SNHU GEM students’ 2021 accomplishments show how empowering refugees enhances communities and creates more economic opportunity for all.
A new year goes hand-in-hand with hopes, aspirations, and setting resolutions. Maybe we’ll finally run a 5K or start meditating. Maybe your goal involves education – learning a new language, earning a degree, or taking classes to help land a new job. But for millions of refugees around the world, the hope of accessing an education, or meaningful employment, seems unimaginable. Today, just 5% of refugees have access to higher education.
That’s why at Southern New Hampshire University’s Global Education Movement (SNHU GEM), we’re starting off the new year with fresh resolve to further our mission of transforming individual lives, entire communities, and the future of higher education by providing refugees around the world with the opportunity to earn accredited degrees that open pathways to employment. As the first large-scale, blended learning program for refugees, we will continue to expand our efforts and bring accessible education and employment pathways to more displaced and underserved learners in the coming year.
SNHU GEM has come a long way since it began in 2017. SNHU President Paul LeBlanc noted in his recent year-end reflection, “Four years ago, GEM started with one site in Rwanda and has since expanded to five countries with 10 sites and more than 3,500 students and alumni. We’ve seen our students exemplify GEM’s mission of transformative outcomes – leveraging their SNHU GEM degrees to transform the lives of those in their community.”
In 2021, despite the challenges of the past year – a continuing global pandemic, an intensifying climate crisis, growing refugee crises around the world – our inspiring students and alumni continued to use the skills they cultivated through their competency-based degree program and professional internships to gain employment, launch their own businesses and become change agents within their communities.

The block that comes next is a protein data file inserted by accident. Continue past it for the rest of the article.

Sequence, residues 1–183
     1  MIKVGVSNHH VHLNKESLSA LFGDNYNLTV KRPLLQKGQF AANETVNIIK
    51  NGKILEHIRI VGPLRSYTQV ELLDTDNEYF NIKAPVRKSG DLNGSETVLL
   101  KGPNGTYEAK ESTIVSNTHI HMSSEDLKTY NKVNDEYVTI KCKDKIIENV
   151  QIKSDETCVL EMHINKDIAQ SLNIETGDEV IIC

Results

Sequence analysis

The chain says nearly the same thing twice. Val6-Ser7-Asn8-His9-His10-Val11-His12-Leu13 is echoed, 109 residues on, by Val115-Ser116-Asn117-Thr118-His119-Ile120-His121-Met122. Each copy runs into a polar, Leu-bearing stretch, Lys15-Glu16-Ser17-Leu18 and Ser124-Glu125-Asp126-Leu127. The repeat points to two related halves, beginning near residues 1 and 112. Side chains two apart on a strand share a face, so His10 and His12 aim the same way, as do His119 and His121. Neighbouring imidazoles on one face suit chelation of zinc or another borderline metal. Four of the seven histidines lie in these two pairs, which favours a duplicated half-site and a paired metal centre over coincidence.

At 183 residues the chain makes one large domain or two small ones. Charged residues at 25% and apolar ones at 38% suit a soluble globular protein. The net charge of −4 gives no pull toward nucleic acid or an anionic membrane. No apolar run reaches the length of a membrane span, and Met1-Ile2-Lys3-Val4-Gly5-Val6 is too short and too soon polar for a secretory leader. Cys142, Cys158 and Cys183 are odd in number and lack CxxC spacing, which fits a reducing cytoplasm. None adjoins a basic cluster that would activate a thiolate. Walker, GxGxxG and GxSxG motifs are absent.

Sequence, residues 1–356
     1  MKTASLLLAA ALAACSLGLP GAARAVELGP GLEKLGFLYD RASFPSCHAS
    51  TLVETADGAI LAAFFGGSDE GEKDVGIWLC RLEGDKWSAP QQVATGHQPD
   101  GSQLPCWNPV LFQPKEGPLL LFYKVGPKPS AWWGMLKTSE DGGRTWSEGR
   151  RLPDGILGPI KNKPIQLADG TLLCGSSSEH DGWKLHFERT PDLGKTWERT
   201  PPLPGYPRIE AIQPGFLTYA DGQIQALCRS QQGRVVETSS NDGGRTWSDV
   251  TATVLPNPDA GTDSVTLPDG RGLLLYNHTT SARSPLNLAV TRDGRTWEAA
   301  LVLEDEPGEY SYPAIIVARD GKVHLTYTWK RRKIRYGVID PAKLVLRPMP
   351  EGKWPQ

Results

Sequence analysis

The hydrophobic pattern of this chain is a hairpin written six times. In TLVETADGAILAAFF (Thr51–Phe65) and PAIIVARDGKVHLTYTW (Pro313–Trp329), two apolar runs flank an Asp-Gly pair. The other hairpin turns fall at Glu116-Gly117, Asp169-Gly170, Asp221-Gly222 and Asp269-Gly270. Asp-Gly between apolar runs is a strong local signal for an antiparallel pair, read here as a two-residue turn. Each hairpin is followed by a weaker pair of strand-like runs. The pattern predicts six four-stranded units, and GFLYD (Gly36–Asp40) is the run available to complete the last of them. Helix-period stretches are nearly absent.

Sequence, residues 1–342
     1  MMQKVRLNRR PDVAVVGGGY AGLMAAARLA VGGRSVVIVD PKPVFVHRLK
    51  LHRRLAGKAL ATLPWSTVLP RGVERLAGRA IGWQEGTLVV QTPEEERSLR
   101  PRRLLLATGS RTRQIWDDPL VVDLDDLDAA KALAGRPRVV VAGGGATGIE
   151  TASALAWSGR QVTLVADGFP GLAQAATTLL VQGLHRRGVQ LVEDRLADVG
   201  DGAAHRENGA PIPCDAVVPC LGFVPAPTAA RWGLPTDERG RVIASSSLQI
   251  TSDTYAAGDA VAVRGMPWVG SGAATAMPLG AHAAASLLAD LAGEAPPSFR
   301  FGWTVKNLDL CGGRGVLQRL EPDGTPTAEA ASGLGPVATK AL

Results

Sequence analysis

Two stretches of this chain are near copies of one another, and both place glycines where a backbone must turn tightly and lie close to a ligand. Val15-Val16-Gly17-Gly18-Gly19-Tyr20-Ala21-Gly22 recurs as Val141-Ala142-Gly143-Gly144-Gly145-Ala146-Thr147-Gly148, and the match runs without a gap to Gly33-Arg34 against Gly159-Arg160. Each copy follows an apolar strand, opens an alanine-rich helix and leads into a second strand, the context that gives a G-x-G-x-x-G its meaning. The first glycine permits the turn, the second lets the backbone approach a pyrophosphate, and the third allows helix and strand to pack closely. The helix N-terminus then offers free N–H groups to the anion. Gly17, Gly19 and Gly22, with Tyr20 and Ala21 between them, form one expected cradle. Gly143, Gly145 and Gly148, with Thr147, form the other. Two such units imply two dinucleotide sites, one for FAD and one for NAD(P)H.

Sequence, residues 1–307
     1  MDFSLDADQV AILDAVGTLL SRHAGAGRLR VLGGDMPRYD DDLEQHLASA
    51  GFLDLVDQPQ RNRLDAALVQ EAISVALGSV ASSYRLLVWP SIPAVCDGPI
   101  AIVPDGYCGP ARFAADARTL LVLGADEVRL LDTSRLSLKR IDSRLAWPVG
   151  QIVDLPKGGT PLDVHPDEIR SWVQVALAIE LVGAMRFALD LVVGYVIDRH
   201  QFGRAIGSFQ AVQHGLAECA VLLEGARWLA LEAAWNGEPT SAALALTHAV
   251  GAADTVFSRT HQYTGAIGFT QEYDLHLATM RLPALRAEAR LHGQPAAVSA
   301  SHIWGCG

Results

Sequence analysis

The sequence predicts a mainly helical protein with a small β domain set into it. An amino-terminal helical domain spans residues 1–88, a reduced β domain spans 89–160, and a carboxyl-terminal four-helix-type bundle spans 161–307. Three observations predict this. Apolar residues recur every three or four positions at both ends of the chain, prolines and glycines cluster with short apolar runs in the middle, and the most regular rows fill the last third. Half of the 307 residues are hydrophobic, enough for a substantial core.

SNHU GEM alumnus Remy Gakwaya was recently recognized as a Falling Walls Breakthrough of the Year for launching the groundbreaking Dzaleka Entrepreneurship Center, with support from SNHU, to offer first-of-its-kind coding skills to more than 2,000 students in Malawi’s Dzaleka refugee camp.
David Kinzuzi, another SNHU GEM grad, who is working on behalf of other displaced people, environmental causes, and African leadership, was just named a Schwarzman Scholar. He is SNHU’s first Schwarzman Scholar.
Students and graduates participated in international conferences, including RewirED in Dubai and 36 Million Solutions in Rwanda, to share their powerful personal testimonies and advocate for continued expansion of higher education access for refugees and those in emergency and conflict settings.
Our students continually inspire us. They are proof that when allowed to break through barriers, refugees enhance their communities and create more economic opportunity for all. In the year ahead, we will continue to partner with GEM students and alumni, pursue new, creative models of higher education that meet students where they are, regardless of their circumstances.